Donald Trump is likely to soon nominate Scott Gottlieb, a physician and policy expert at the American Enterprise Institute, as the next commissioner at the Food and Drug Administration. Gottlieb edged out Jim O’Neill, a libertarian venture capitalist backed by billionaire investor Peter Thiel, for the nod.
As Gottlieb prepares for the his Senate confirmation hearings, there’s likely to be lots of interest in his public thoughts on healthcare. Here at Forbes, we’ve been lucky to count Scott among our contributors for many years. His writings here reveal the sharp mind of a man who doesn’t believe the system is fundamentally broken, but who is distrustful of bureaucracy as a solution and attuned to the way that small policy changes can have outside effects. Here are a few standouts. For some, I’ve added comments; for the others, I’ve excerpted Gottlieb’s own words.
This is one for those wondering what Gottlieb might do as FDA commissioner: he will almost certainly try to streamline the FDA’s approach with regard to “complex generics” like EpiPen, which involve, for instance, both a drug and a device. Here, he goes into detail as to how that process could be fixed.
Another problem EpiPen laid bare: the fact that most of the competition around drug prices takes place in the form of rebates that are paid to pharmacy benefit managers and employers, not consumers. In one of my personal favorites of his pieces, Gottlieb argues that this policy has roots in the way companies responded to HillaryCare decades ago.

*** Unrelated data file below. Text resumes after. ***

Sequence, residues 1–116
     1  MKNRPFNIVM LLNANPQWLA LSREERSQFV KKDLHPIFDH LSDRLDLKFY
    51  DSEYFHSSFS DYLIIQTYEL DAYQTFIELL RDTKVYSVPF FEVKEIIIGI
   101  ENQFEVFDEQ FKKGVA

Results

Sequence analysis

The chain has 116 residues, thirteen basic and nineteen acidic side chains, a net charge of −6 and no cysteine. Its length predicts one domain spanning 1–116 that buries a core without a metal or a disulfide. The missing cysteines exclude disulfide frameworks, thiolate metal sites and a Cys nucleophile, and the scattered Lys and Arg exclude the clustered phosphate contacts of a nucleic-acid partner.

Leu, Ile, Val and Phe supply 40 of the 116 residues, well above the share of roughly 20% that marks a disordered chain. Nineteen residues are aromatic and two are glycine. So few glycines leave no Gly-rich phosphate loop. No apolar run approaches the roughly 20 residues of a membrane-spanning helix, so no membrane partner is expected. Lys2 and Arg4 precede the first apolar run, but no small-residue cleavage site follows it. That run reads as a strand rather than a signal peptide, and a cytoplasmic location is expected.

“FDA needs to more closely focus is organizational structure and its regulatory programs on measures of risk, and move away from its structural legacy that oriented its review programs mostly around discrete clinical areas of medicine.”
“Of the many intrigues surrounding Elizabeth Holmes and her battered lab company Theranos, one of the more curious is her established support for increased regulation of her industry.”
This is the paradigmatic Gottlieb post: a small, seemingly mind-numbing change in the rules around diagnostic tests was affecting patients. So he told us about it.
Like most conservative health writers in 2013, Gottlieb was very concerned about the negative effects of the Affordable Care Act. This was one of the best of those posts: a clear explanation of how the dreaded “death spiral” might happen. As FDA Commissioner, Gottlieb would have almost nothing to do with the ObamaCare replacement.
“A spat over money for Planned Parenthood isn’t what’s holding up federal funding to fight the Zika virus. Nor are Republicans, for that matter, the ones now standing in the way,” Gottlieb wrote. “Democrats are filibustering the funding bill largely because Republicans have insisted that the legislation be ‘paid for’ with cuts in other areas of spending. Knowing it would be hard to justify blocking Zika funding over budget arcana, some critics have cast most of their protests under the guise of a fight over abortion.”
“The debate over drug pricing isn’t new. Nor is the call for importation as a way to try and circumvent some of these costs. But the evolution in these two issues reveals why the Trump plan–while perhaps good politics–will offer consumers little relief.”
“Drug companies can rarely make claims around the value of their medicines.”